Game Title: Nights of Azure 2 – Bride of the New Moon
Developer: Gust, Koei Tecmo
Platform: Nintendo Switch
Availability: Retail | Digital Download
Battery Life: 3 – 4.5 hours
Download: 6.8 GB
Ever since discovering their games on the PS Vita, I’ve quickly become a fan of RPGs made by the developer Gust. Their casual-themed Atelier games are fun and cute, but when they make more serious RPGs, it also gives a really nice aura. Despite it’s technical problems, I loved the tale weaved in Ar Nosurge Plus.
I’ll admit that I was a pretty sad that when Koei Tecmo localized Nights of Azure last year, the handheld version stayed in Japan. Thankfully, its sequel did come West on handhelds last a week or two ago, and on the Nintendo Switch, allowing console and handheld gamers to enjoy the new Yuri-toned Action RPG.
So, here is my review of Nights of Azure 2: Bride of the New Moon for the Nintendo Switch!
Long ago, the great Demon known as the Nightlord was defeated and with his defeat, the world was covered with his blood, transforming all it touched into monsters known as Fiends and Demons and over the years, the agency of humans known as the Curia, have been sacrificing Priestesses to keep the constantly-resurrecting Demons from plunging the world into eternal darkness.
In what is subtly stated as “decades” after the events of the first game, the story revolves around Aluche, a Holy Knight originally tasked with sacrificing her childhood friend to seal away the powers of the new Demon Leader, the “Moon Queen”. But, after being ambushed and murdered, she re-awakens as a Half-Demon and sets off to find her missing friend and put a stop to the Moon Queen for good.
The story of Nights of Azure 2 is good at times, and off at times. The series has always had a “Yuri” theme to it, offering tones of women that are romantically attracted to one another. The base storyline is very interesting with the background story of the Nightlord and Aluche’s inner-struggles of not wanting to sacrifice her closest friend as well as resisting her thirst for her companions’ blood and it really does offer something new with character bonding.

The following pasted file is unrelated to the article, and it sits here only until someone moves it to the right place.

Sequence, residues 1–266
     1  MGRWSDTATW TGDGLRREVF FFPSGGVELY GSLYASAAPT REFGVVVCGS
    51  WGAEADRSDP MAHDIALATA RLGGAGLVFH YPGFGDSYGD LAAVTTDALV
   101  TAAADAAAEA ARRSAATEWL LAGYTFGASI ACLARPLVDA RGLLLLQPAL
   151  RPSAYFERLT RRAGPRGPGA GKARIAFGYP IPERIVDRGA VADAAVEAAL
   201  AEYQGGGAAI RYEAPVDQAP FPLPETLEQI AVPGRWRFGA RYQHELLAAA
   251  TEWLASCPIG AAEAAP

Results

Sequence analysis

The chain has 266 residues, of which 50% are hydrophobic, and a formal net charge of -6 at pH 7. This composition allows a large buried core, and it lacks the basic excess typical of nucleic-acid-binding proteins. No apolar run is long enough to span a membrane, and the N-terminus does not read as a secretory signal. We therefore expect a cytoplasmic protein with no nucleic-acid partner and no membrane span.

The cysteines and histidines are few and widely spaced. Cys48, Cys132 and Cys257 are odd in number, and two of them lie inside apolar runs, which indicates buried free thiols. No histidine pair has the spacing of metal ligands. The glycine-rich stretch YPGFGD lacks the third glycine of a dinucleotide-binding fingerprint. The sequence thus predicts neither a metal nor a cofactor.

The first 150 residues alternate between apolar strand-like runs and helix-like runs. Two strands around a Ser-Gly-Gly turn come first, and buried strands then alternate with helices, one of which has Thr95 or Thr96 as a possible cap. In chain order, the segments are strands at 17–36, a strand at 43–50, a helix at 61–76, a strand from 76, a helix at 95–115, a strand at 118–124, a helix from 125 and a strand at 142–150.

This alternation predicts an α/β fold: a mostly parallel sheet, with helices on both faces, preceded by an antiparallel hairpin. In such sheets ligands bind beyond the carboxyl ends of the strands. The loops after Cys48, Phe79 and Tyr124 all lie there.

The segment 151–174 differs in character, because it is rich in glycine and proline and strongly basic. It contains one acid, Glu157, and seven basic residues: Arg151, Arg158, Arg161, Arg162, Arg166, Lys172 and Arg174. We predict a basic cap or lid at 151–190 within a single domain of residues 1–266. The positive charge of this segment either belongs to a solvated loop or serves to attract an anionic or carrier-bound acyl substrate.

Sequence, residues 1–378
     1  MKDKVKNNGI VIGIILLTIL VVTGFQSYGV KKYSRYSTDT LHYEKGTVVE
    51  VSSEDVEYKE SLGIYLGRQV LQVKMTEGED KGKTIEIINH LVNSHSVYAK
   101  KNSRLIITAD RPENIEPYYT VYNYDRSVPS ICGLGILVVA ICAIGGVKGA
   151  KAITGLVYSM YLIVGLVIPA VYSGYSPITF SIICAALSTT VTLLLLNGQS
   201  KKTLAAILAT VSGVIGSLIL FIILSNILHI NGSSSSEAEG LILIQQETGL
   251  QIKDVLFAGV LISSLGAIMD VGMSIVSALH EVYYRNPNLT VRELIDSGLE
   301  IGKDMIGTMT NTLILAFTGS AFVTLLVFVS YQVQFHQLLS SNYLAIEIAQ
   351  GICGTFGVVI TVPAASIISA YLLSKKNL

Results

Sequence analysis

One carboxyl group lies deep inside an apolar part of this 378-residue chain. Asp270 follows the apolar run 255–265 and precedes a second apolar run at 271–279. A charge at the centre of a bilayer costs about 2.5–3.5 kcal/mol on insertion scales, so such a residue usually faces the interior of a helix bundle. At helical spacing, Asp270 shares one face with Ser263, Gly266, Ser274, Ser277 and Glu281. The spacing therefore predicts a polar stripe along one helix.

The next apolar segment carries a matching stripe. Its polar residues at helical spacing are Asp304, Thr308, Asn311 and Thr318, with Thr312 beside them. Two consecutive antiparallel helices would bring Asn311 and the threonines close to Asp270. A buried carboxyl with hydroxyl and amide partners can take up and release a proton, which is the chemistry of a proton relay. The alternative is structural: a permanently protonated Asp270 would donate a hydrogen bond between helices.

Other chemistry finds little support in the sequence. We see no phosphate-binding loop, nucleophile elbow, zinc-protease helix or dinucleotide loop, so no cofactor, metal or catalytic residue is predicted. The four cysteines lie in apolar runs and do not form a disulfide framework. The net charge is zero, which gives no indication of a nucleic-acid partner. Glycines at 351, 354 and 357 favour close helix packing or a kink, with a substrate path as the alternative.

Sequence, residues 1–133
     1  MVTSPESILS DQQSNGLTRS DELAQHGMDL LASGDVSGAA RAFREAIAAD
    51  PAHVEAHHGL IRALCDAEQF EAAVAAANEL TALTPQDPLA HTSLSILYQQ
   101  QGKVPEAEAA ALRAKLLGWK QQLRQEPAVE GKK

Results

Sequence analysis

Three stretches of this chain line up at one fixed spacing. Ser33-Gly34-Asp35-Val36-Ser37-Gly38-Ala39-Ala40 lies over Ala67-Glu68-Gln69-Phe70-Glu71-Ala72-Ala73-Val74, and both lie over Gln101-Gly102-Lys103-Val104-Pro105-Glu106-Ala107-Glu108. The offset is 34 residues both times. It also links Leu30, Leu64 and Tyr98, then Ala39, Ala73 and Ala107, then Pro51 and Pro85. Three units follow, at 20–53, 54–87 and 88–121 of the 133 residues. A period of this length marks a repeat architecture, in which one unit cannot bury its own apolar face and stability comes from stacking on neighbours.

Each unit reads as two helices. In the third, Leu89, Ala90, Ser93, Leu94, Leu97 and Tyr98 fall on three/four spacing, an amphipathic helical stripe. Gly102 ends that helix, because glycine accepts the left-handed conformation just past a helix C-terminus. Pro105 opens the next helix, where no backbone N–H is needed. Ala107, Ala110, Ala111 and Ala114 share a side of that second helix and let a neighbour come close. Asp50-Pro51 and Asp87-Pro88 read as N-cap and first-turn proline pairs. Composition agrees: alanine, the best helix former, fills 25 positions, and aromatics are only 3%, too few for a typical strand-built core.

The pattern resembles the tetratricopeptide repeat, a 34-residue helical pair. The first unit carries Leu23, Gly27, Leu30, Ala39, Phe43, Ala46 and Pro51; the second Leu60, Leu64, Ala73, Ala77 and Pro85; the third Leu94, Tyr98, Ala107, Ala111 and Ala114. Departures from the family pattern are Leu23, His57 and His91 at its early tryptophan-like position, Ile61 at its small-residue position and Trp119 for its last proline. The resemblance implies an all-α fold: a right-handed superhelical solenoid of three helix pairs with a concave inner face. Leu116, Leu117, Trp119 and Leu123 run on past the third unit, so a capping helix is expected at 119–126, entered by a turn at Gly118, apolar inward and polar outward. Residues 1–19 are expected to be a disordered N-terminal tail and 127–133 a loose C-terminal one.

Nights of Azure 2 is a hack-n-slash Action RPG with the same general feel of the original game, but with a few things changed and added here and there. But, all in all, you’ll be fighting your battles with a party of characters and slashing your way through groups of Fiends and Demons.
As you progress through the game, you will be going between a Hotel you use as your base of operations and the various dungeons in the city that’s being affected by the Moon Queen’s magic. Whenever you go out to a dungeon, you go on “Hunts”, which has you in the dungeon all day long without the ability to switch dungeons until the next day.
Now, working through days is where Gust’s iconic gameplay mechanic from Atelier comes ticking into Nights of Azure 2: Time Management. Each day of each chapter makes the Moon’s Phase wanes further towards a New Moon. If it reaches that phase, the world ends, Game Over. To restore the Moon Phases, you must find that chapter’s major boss and defeat it. Along with that, your half-demon body can only take so much stress so each dungeon raid you do is also set on a time limit (which can be increased by leveling up and learning skills).
Before you get down about having time restraints, know that they are more than generous enough for you to have lots of time in each chapter, even on the Normal and Extreme difficulty settings. Every time I played the game, I could reach the Chapter Boss in 2-3 days and would have at least 3-5 days left to do side-quests and explore hidden areas.
There is one Major Flaw in this time-based system and it’s not the timers, but the fact that you can only visit one dungeon per day. Each chapter is loaded with side-quests, from character-based quests that increases Affinity with the party members to standard killing missions that grant you special points to level up your party members.
The problem is that out of your 10-15 minutes of dungeon time, you can get each side-quest done in 2-3 minutes and have to go back to the hotel and wait until the next day before you can do any of the other side-quests in the other dungeons. It turns into 1 side quest per day unless you have multiple quests in the same dungeon, and fighting through random enemies in that dungeon just to feel like you didn’t waste the entire day for your measly 2-minute character quest.